Dear Emails Requesting Volunteers for Take Your Child To Work Day, the Annual Holiday Party, the Federal Charity Drive, the Go Green Day, the Administrative Professionals Support Day, and Other Office Events:
I know that you’re just trying to get me to help. I know you didn’t specify where you wanted to be forwarded. You—badly drafted, typo ridden, and Screen Bean-infested though you are—are in and of yourself rather innocuous. But you get sent to my department by the director, and then you get sent on to me.
And I hate it.
Last year I volunteered for a few of these events, because I am that person who, when someone says “any questions?” and the silence stretches on and on and on and the speaker looks faintly terrified, will always stick my hand up and ask a question, because I can’t stand for the speaker to feel like they’ve failed. Professors loved me; I could always be counted on to ask a question. My fellow students hated me, and so did I.
So when it became apparent that no one was going to volunteer, and our director sent out two more emails with “calls for volunteers!” with more exclamation points each time, I heaved a sigh and volunteered. And it was excruciating, because instead of getting to stand around chugging cheap wine and eating sugar-gritty supermarket cake at the Holiday Party, I got stuck behind the table serving the cheap wine. As though putting up the decorations, attending the excruciating party committee meetings wasn’t enough, I had to stand there watching everyone else drink the cheap wine while pretending to be enjoying myself.
Also, I had once again forgotten that I don’t like parties or crowds of people unless they are comprised of the approximately three people I know whose company I don’t detest.
The other things that bothered me is that it was always me—me, the youngest, lowliest staff member, and a woman—who volunteered. This is why I never, not once, made coffee in the office. I knew that if I did, I would be doomed, and every morning for the rest of the time I worked there, someone would come in and boom “Any coffee yet?” and if I didn’t make the coffee that morning, they’d be hurt and sulky.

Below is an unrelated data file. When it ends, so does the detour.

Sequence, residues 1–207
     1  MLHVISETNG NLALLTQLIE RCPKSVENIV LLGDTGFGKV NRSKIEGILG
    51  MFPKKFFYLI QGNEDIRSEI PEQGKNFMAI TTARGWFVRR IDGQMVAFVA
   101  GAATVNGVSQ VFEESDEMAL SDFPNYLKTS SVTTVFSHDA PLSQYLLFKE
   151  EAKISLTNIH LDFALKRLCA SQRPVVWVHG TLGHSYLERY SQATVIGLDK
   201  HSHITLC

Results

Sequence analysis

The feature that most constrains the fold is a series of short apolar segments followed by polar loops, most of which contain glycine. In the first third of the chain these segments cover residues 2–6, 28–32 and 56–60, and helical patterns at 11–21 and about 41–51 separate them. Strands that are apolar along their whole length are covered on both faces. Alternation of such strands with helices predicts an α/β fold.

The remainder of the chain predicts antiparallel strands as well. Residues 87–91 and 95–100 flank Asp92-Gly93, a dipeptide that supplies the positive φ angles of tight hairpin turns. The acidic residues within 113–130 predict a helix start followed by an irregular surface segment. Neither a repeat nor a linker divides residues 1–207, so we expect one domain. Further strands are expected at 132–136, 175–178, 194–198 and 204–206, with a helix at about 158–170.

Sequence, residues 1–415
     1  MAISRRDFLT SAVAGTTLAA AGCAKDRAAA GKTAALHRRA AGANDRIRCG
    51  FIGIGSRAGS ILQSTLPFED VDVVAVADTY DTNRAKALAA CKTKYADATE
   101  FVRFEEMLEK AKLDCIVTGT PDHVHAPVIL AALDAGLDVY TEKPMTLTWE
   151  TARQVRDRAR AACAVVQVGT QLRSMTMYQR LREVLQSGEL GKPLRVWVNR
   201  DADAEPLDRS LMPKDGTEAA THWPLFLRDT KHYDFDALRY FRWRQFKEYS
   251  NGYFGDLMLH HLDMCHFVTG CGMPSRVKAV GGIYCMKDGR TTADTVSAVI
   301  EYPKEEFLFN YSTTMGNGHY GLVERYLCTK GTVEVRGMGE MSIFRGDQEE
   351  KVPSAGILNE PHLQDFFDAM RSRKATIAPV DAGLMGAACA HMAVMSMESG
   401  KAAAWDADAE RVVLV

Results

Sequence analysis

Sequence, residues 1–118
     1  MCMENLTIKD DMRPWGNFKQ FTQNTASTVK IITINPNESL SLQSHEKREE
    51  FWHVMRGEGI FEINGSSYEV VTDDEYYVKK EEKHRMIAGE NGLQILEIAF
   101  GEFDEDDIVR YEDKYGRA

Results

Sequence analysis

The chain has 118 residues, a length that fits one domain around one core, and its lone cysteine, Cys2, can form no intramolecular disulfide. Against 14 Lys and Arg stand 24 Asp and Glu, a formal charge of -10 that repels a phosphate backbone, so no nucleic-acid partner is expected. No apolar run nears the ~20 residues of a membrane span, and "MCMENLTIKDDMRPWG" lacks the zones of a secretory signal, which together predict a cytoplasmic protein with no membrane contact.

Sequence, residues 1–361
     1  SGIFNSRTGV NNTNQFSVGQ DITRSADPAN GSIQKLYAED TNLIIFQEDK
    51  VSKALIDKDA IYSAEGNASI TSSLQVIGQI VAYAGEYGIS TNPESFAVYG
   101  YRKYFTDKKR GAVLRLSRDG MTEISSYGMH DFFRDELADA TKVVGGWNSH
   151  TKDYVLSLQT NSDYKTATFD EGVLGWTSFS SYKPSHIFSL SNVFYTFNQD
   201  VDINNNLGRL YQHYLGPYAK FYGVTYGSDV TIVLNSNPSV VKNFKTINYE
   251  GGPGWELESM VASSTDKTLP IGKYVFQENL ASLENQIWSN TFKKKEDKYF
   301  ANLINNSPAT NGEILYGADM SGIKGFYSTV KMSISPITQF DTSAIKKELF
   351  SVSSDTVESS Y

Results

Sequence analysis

So I volunteered once, then twice, and then the director started forwarding you straight to me, ignoring everyone else in the office.
So I ignored you too.
It’s not personal. If everyone else took a turn shepherding obnoxious kids around on Take Your Child To Work Day or listening to someone explain why the word “Christmas” can’t be used in conjunction with the Holiday Party but that pictures of Santa are totally okay, I wouldn’t have so much of a problem with you. Call it the agony of expectation. It’s like feeding stray cats or buying a sandwich and juice at the supermarket for that homeless guy who was sitting on a bus stop bench. You feel a warm little glow of happiness—look what I did, I cared enough that I didn’t just give him some change, I bought him a meal!—that will last as long as it takes you to come back out of the grocery store and see that he tore the sandwich apart and left it scattered on the ground, and it will remind you that maybe he is just a jerk, and that you should never try to help anyone else again.
So that is why I keep deleting you. I don’t even open you anymore. I see the word “volunteer” in the subject line and I send you straight to the trash.
I’m sure you will continue showing up in my inbox, hoping I will have forgotten how bad the last time was, that something in your WordArt or misplaced apostrophes will pull at my heart and make me email back with “Sure!”
But those days are over. I volunteer for no one now.